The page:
Ms: Edgington suffers from chronic PTSD and the frequency and intensity of her symptoms continue to interfere with the quality of her life occupationally, socially, and emotionally. The most profound symptoms include daily panic attacks, depression, anxiety, insomnia, flashbacks, nightmares of actual events, difficulties concentrating, memory issues, hyper-startle, and hyper-vigilance.
The area Ms. Edgington has the most difficulties is in interacting/being around people. She has panic attacks most days leaving her home. Her daughter and friend take care of the majority of tasks outside the home including grocery shopping and one of them often accompanies her to appointments. They also remind her to take care of ADL's, remind her about taking medications, and assist her in taking care of the upkeep of her home.
Despite Ms. Edgington's efforts in treatment, her PTSD symptoms continue to interfere with the quality of her life. She is currently involved in weekly individual therapy and will start a women's PTSD treatment group January of 2016.

(Tr. 1058.) Later that month, Ms. Page noted Edgington was depressed, anxious, and agitated; and had only been leaving the house for doctor appointments. (Tr. 1064.)

         Edgington returned to Dr. Rubai on two occasions in 2016. On January 7, 2016, she reported that Cymbalta helped with her mood and pain, but continued to complain of poor energy and concentration, daily panic attacks, “worrying about everything, ” and intrusive thoughts. (Tr. 1086.) Examination findings were normal aside from a “down” mood and reactive affect. (Tr. 1087.) The following month, Dr. Rubai noted a depressed mood, anxious affect, and anxious tone. (Tr. 1333.) She assessed a GAF of 55, and referred Edgington for a consult for possible treatment at the VA's “Day Hospital.” (Tr. 1336.) On February 11, 2016, psychologist Josephine Ridley, Psy.D., found that Edgington met the criteria for participation in the Day Hospital with treatment focusing on “improving overall coping skills and reducing depressive symptoms.” (Tr. 1421.)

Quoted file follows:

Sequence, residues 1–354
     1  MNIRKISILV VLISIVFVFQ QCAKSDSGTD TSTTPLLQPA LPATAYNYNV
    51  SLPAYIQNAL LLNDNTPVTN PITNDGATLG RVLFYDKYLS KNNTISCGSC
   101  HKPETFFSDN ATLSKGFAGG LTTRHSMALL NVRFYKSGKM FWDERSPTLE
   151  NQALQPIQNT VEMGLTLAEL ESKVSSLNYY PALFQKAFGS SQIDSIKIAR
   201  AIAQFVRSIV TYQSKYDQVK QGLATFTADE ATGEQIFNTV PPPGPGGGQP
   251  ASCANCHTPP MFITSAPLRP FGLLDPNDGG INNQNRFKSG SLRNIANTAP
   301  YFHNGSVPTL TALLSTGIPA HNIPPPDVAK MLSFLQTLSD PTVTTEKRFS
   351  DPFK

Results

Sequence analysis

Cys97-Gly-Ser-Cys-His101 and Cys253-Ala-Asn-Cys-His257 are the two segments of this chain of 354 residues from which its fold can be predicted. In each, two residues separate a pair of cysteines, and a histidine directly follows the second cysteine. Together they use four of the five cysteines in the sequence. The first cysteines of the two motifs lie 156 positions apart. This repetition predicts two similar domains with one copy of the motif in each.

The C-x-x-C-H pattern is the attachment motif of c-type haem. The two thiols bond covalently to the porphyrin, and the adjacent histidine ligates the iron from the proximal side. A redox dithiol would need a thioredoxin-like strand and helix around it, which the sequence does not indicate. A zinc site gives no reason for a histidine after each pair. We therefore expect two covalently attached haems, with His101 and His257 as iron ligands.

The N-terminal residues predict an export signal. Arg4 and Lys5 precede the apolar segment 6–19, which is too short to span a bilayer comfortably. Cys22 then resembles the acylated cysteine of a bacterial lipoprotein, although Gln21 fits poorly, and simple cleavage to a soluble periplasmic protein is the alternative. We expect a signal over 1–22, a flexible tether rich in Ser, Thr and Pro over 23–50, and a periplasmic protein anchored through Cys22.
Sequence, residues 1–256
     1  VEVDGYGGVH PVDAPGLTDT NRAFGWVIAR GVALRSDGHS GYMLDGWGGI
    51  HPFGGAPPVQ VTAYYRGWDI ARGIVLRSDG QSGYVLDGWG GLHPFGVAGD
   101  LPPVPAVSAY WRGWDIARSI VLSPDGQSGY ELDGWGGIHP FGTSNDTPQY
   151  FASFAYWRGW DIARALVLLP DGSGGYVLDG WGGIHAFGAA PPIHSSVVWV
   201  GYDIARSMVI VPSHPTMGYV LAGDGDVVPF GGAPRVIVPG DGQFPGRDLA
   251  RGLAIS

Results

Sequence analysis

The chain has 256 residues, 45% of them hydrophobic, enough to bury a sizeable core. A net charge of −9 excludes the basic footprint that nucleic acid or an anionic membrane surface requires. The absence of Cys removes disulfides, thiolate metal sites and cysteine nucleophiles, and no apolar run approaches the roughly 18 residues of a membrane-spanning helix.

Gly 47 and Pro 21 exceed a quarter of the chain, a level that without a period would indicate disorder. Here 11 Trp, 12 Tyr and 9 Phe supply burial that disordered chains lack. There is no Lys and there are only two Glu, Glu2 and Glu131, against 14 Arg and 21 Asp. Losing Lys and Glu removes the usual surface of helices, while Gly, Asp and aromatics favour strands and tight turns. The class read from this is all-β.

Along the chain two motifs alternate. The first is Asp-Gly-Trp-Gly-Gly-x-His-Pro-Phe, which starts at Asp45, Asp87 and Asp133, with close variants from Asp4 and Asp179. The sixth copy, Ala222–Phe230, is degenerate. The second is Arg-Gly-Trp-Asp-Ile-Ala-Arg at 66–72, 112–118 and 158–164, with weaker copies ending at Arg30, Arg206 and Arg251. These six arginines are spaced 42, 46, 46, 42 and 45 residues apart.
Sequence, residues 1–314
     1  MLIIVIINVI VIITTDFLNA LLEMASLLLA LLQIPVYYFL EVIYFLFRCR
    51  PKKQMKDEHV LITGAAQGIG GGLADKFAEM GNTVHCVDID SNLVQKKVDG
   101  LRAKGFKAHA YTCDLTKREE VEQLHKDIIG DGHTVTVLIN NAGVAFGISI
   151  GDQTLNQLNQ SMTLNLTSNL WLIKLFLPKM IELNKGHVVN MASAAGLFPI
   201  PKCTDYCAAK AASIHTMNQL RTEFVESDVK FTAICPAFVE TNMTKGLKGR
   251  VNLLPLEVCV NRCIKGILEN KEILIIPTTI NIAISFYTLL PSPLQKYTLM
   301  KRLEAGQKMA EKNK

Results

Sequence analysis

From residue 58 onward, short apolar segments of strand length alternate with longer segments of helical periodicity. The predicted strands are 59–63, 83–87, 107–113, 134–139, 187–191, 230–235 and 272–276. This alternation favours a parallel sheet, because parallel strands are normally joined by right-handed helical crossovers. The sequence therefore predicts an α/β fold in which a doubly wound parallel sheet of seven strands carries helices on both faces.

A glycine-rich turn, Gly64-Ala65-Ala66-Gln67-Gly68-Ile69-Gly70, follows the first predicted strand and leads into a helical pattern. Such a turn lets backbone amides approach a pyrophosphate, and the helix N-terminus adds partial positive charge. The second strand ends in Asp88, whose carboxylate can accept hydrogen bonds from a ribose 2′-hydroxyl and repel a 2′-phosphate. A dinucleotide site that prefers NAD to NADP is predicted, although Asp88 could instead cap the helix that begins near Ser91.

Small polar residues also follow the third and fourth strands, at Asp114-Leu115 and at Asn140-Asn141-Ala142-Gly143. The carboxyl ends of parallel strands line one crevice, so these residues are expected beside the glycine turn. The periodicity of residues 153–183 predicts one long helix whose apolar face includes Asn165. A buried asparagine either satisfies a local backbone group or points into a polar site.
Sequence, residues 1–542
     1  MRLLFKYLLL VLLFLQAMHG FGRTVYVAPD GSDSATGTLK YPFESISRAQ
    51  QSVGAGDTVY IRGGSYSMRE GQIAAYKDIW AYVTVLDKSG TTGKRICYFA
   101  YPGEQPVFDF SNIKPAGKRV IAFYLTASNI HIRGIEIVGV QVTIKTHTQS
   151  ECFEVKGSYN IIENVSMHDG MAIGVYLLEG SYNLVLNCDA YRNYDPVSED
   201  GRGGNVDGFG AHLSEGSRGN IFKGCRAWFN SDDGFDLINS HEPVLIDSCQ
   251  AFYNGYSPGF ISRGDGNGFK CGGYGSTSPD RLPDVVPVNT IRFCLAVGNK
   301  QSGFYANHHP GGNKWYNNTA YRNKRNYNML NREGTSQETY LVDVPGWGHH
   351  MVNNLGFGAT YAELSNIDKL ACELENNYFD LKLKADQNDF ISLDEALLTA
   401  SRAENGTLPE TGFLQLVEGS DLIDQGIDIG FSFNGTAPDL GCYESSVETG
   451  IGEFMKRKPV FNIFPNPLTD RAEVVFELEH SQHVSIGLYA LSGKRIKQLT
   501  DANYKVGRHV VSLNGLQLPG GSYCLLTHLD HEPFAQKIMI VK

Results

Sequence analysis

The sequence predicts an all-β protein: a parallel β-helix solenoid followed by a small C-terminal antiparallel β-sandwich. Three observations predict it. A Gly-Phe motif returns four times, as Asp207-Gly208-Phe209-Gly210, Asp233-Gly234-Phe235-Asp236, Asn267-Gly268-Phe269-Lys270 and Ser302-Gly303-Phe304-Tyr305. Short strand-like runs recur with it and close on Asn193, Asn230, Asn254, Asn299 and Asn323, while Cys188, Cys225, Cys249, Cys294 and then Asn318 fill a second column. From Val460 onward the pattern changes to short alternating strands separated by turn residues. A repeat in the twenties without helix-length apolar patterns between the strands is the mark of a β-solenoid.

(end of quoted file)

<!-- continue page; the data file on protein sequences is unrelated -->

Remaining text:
The record also reflects Edgington presented regularly to Ms. Page during 2016. In January, she was disheveled and presented with a depressed mood and affect. (Tr. 1063.) Edgington reported she was “sleeping a lot, not getting out of bed, not eating.” (Id.) In February, she continued to report increased depressive symptoms, including missing appointments, not taking her medications, not returning phone calls, and staying in the house. (Tr. 1062, 1520-1521.) In April, Edgington indicated she had been “very depressed” due to physical health problems and foreclosure proceedings. (Tr. 1518-1519.) In May, she felt depressed and worthless. (Tr. 1518.) In June, Edgington was anxious, depressed, overwhelmed, and not sleeping. (Tr. 1516.) In July, August and September, she reported fear and anxiety over upcoming back surgery. (Tr. 1512-1514.) Following her surgery, Edgington continued to present with a depressed mood and affect. (Tr. 1511.) She reported suicidal thoughts in November 2016, and was flagged as a high suicide risk. (Tr. 1510, 1565-1566.) In December, Edgington stated she was “struggling to get out of the house.” (Tr. 1509.)